Wednesday, October 31, 2012

Happy Halloween....


This is a photo of which I am particularly fond. First, I love the huge ravens that have moved into the neighborhood, even though they terrorize the neighborhood cats (some of whom need a bit of terror in their lives.) Also, I have been learning, and have "97% ready" the Beatles song, 'Blackbird' (according to my guitar teacher.) I am quite impressed with myself for this, because I am playing the same actual thing Paul McCartney plays. It is the first song I have played, in my past almost two years of lessons, that I have not grown bored with before learning it well. I've always loved the song, and have discovered that fingerpicking is what I enjoy most doing on the guitar.

Anyway.... I even considered this photo as something to weave, without the words, of course. But look at all those pine needles! Lovely, and necessary, and no thanks, from a weaving point of view. But I love the bird with the crab apple in his mouth. This is one of quite a few raven photos I have taken.

Have a good halloween. Eat some chocolate - it's good for you!

Tuesday, October 30, 2012

I am soooo warped!

The 'naked loom' with the new warp beginning to be tied on the top beam

I ran out of warp doing the Nativity tapestries. Not literally, but way too close to it for comfort! I had about 10" from the top of the final hem to where the warp tied on to a dummy warp. I have used a 'dummy warp' for years - a warp that just stayed tied on to the top beam, and I rewarped by tying onto the dummy warp, saving a few steps and time in the warping process. But I had a bit of tension frustration with the Nativity Tapestries, which was probably due to weaving two tapestries at once, more than anything else. Anyway... I decided to get a total fresh start, so I removed the dummy warp and have warped the loom with enough to weave three or maybe even four Calendar tapestries. (I have six left to weave.)

Warp tied and wound on top beam, and through heddles and reed


Did you notice the caption on the photo above that says the warp is through the heddles and the REED?  You may or may not be aware that a Shannock loom, wonderful as it it, has no reed. It has a spacer-thingy  attached to the top beam, but that is really too far from the weaving to do any good in helping keep the warp evenly spaced. I have compensated over the years in various ways for this lack. But I saw in a post on Rebecca Mezoff's blog that James Koehler had someone make him a reed support for his Shannock.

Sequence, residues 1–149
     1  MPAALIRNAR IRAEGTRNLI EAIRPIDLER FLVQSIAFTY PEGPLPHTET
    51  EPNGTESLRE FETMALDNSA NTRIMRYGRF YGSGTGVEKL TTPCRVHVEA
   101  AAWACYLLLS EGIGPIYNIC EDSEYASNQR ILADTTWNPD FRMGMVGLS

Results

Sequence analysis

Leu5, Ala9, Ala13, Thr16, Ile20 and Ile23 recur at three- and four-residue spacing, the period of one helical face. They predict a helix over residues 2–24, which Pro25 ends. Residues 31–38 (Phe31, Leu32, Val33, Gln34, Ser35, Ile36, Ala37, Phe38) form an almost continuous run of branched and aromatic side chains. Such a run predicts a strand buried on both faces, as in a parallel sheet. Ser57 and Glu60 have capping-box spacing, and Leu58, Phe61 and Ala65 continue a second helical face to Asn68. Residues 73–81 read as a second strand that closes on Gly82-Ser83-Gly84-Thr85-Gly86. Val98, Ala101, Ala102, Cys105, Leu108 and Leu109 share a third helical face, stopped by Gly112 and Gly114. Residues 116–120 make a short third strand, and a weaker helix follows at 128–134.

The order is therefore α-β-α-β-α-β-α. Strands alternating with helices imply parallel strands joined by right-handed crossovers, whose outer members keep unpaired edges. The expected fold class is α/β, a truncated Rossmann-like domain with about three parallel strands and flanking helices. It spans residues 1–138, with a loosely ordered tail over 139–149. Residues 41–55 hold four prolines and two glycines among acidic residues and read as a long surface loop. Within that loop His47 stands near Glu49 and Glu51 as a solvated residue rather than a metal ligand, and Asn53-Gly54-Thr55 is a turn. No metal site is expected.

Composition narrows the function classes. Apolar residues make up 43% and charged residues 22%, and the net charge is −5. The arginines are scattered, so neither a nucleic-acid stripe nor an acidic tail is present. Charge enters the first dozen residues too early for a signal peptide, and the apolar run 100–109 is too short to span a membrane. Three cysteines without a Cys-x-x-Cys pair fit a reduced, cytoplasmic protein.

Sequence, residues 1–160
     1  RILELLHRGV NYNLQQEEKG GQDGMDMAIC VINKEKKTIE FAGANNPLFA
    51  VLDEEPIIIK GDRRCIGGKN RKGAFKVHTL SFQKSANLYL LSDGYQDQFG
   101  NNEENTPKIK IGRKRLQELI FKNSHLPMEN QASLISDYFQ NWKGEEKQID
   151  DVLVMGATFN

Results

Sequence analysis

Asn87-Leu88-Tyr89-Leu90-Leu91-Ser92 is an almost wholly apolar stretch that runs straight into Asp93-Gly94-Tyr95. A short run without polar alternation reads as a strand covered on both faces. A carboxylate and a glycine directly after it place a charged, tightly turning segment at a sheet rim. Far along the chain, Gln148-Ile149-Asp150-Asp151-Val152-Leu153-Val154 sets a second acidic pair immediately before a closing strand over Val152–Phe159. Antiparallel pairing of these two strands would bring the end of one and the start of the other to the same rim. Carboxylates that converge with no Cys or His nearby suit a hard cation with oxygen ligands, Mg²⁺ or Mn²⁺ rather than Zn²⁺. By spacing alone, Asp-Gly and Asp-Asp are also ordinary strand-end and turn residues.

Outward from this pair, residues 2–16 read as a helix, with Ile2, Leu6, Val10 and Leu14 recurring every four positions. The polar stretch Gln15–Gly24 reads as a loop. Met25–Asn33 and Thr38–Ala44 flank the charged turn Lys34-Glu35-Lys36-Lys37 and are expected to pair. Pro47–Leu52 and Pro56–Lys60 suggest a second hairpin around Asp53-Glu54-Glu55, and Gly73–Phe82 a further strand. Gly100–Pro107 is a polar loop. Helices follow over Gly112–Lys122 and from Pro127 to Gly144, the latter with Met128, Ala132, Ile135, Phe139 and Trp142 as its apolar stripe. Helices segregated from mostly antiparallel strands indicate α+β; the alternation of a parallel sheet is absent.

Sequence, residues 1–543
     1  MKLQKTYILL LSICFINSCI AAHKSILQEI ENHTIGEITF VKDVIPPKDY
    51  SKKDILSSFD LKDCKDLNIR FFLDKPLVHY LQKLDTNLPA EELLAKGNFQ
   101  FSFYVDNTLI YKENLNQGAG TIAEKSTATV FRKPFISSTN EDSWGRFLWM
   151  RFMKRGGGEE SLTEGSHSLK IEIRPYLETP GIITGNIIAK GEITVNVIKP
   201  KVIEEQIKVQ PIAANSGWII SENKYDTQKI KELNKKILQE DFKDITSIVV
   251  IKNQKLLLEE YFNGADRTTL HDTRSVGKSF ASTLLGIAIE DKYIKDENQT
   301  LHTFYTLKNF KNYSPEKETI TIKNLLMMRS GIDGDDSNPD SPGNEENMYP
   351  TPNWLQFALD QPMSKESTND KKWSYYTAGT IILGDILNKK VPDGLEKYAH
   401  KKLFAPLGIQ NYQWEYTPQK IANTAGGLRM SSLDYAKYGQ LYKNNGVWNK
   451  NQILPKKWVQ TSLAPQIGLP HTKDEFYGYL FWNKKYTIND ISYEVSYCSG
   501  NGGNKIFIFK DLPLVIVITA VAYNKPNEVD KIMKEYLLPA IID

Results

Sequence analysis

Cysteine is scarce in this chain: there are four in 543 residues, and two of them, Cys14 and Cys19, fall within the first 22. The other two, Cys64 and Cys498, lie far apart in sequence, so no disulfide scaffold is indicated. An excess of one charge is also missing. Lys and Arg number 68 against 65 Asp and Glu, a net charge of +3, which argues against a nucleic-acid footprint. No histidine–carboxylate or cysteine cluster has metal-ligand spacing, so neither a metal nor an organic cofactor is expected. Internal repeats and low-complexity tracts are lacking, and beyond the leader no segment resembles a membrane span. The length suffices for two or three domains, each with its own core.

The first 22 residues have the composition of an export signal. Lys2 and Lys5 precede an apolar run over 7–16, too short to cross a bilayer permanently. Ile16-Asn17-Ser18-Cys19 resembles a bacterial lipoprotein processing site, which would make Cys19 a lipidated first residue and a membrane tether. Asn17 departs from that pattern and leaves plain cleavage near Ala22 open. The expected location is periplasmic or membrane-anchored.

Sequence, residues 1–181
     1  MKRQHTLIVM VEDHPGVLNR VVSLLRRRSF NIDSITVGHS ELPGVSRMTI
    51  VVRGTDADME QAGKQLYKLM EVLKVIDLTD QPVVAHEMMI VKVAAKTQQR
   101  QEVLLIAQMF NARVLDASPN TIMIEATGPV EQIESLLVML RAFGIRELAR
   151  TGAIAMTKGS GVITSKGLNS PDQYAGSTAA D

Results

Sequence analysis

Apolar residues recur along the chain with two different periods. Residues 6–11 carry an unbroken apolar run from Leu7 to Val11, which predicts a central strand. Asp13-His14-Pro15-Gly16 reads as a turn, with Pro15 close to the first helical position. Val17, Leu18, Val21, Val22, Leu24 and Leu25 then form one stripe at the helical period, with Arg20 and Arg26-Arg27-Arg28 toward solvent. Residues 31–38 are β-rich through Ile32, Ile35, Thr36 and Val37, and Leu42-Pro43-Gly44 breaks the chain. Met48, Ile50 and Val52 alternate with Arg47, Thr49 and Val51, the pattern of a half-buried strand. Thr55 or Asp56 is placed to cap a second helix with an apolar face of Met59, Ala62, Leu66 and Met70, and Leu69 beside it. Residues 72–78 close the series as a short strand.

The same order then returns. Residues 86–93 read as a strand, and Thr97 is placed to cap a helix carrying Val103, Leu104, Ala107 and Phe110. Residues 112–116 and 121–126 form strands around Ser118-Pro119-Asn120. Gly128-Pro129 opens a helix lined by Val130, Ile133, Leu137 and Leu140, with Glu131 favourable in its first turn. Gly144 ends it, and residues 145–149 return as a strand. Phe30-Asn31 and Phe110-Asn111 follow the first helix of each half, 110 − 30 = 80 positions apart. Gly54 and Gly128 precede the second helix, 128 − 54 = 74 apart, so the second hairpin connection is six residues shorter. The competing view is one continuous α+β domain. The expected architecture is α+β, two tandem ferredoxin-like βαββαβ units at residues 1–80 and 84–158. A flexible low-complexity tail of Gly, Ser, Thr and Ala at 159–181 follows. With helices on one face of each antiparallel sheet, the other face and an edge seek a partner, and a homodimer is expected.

I happen to live with a fantastic woodworker. So I posed him the problem of something to hold a reed horizontally on the loom for me. A few days later, I had the beautiful and solid oak addition to my loom that you see above!


As you can see, it looks like it is an original part of the loom. It is beautiful, and I can hardly wait to weave with it there to keep my warp perfectly spaced! My 'adaptations' have left me with a very small open shed over the past umpteen years, and I don't know why this solution didn't occur to me sooner. Every Shannock should have such a reed holder; every weaver should have such a spouse! I am quite a lucky person, don't you think?

And a new warp! So fraught with possibilities! Like a clean canvas, an empty journal, or a new sketchbook.... just waiting for something wonderful to be created to bring it to life.

Wednesday, October 24, 2012

A bit of a break...


I will finish sewing slits on the Nativity tapestries tomorrow. I would have finished today, but I took a bit of a break from the task. I have been missing the act of smearing paint on canvas, so I sat and painted this small 8x10" study of the Seine from the left bank today. I already see a few corrections and changes I want to make on it, but they will probably now wait until the slits are all sewn. It was good to thaw out my palette of paints and paint a scene I enjoyed so much. For a bit I was back in Paris, watching the river pass by in front of me, with the towers of the Louvre poking above the bridge in the distance. A lovely escape for a rainy Colorado day....

Monday, October 22, 2012

Breathtaking October...